I would recommend The Happiness Project by Gretchen Rubin to anybody, whether or not you feel you are happy. I'm a pretty darn happy woman and I found things in that book that I never even thought about, simple things. One of Rubin's is reading children's books. One of my simple things is knitting (and especially yarn-shopping on the web). In the Project, which she spent a year starting (it's a never-ending pursuit; what could be better?) she chose several things each month to see if they made her happier or not. Mostly the things she did did improve her outlook but a few she left by the wayside.
One of her objectives was to start a blog and add to it every day. She always has something interesting on the blog. This is not about being a Pollyanna; it's about finding the things that truly make you happy and assimilating those things into your everyday life.
If you're happy in yourself, then you will make other people happy too. The opposite of that works as well: make other people happy and you will also be happy. That's my observation. I also think that happiness is a choice, but it's not that simple. Other people do not make you happy but you can avoid letting them make you unhappy by your approach to them. I'm probably confusing the hell out of everybody, so just read the book. You, too, can be happier.
Crazy Aunt Purl's Home is Where the Wine Is by Laurie Perry is her second book. In both books, some of the chapters are taken from her blog (Crazy Aunt Purl), with a little tweaking here and there, and some stuff is new. In the current book, her last chapter is very thoughtful and insightful. Perry writes well, with humor and compassion. She has also worked at understanding what makes her happy and then implementing those things in her life. She's not as systematic as Gretchen Rubin, but it's interesting and empowering reading.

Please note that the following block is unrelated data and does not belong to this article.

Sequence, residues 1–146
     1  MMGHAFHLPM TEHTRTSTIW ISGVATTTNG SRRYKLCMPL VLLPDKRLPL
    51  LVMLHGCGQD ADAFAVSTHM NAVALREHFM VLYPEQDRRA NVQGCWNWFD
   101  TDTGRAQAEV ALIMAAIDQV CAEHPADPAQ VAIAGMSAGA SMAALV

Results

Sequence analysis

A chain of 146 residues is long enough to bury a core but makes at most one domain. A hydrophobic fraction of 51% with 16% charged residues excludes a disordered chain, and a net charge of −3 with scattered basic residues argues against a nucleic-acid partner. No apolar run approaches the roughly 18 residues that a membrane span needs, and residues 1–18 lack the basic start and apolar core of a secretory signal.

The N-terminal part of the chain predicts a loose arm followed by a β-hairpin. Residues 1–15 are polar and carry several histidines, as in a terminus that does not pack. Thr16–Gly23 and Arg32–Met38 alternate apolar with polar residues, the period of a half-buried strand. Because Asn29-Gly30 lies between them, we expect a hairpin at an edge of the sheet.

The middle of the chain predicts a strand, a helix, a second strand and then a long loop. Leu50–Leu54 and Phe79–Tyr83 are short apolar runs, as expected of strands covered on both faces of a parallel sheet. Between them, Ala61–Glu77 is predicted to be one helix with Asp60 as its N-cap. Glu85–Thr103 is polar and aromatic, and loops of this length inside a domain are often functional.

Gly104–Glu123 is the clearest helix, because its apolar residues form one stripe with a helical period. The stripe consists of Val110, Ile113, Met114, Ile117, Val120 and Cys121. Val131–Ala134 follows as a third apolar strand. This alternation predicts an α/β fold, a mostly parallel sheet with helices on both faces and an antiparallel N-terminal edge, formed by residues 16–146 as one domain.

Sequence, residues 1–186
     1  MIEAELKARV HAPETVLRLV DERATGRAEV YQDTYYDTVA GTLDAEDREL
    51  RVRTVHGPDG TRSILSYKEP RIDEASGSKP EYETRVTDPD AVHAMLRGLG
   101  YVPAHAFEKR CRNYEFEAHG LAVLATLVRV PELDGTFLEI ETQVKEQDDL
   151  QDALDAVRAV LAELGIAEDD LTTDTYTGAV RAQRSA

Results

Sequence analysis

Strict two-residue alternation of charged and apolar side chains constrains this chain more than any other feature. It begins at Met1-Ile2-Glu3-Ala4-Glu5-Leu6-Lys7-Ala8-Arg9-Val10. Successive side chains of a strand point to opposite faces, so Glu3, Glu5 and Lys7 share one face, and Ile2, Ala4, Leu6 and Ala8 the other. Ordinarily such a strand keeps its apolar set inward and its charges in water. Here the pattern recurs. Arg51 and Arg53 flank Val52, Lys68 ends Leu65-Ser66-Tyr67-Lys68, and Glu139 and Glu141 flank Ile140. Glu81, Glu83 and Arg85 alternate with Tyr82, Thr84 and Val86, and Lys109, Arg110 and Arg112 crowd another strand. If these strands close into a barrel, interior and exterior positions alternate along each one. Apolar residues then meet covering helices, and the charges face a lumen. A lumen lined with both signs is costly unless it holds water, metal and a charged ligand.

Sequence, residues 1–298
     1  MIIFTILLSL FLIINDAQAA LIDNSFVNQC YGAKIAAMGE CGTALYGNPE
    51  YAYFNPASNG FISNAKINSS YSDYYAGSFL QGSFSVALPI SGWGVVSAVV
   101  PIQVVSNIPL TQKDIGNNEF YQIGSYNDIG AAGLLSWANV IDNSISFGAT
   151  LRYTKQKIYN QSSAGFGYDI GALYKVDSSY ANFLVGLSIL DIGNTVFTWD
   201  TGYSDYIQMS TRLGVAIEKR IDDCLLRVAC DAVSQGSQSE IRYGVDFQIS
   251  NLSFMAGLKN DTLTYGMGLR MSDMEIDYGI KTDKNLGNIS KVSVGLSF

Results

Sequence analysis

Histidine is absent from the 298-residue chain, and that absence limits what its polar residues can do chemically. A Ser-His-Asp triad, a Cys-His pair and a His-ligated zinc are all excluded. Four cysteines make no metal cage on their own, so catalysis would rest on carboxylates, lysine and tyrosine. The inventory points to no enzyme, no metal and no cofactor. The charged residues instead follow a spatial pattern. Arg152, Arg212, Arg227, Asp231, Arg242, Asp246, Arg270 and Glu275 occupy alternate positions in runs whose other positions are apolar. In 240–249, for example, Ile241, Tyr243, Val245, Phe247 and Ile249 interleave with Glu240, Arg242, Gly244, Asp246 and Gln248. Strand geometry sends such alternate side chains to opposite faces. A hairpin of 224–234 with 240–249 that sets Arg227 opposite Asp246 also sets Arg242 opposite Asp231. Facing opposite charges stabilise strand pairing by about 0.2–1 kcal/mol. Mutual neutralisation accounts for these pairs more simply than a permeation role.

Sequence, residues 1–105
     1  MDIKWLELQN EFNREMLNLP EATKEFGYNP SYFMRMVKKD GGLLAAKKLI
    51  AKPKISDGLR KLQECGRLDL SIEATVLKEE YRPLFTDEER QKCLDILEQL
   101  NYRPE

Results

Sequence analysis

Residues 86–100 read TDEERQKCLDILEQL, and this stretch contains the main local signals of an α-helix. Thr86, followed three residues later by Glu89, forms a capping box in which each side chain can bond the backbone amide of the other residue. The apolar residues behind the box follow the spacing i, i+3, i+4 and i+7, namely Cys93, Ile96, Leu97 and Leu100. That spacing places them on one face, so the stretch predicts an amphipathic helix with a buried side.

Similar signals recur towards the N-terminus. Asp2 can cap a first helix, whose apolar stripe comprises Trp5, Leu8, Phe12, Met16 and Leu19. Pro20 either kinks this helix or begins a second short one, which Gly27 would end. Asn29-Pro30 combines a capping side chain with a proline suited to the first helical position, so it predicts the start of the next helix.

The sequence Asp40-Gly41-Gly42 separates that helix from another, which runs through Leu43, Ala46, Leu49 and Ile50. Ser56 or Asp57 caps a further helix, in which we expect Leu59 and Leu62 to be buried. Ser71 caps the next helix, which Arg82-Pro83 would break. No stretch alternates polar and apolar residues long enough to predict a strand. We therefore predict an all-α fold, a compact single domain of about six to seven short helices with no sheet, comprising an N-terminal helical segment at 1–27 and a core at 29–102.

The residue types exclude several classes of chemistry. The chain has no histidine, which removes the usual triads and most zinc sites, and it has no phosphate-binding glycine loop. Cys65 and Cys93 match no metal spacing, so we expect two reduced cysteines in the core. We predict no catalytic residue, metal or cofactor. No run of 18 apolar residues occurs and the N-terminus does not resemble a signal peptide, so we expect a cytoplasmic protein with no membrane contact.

He Who Fears the Wolf by Karin Fossum is one of those Scandinavian mysteries that I love. This one takes place in Norway. Our sleuth is Inspector Sejer. Our suspect is a schizophrenic named Erkki who has escaped from a mental hospital. The victim is an elderly widow who is killed with her own garden hoe. It's a complicated story and throughout you find yourself sympathizing with all the characters, even Erkki. I want to tell you how I felt when the story ended but I'm afraid I might give away some of the plot twists. Fossum really sweeps you away with her excellent storytelling.
In Fire and Ice, J.A. Jance brings together two of her series. Part of the story is told from J.P. Beaumont's point of view (from Seattle) and the other is told from Joanna Brady's POV (Bisbee, Arizona). This one involves a Mexican drug cartel and a series of murders in Washington State. The story starts out by relating the grisly murder of a young woman by a man who is afraid of what will happen to his wife and two little boys if he does not kill the woman. He kills her in the mountains in November and her remains are not found until the next spring. The investigators only have a few clues, but it gets them started. While Beaumont is dealing with the serial killings, Joanna Brady is having her own problems down in Arizona. You have to read for many chapters before you find out how the two situations are related. By then you are so engrossed in the book it's impossible to put it down. I like the way Jance switched from one POV to the other. It made the story more compelling. J.A. Jance is one of my favorite storytellers and reading just one of her books will tell you why.
I hope some of you are inspired to read any of these books. Every one of them was well worth my time.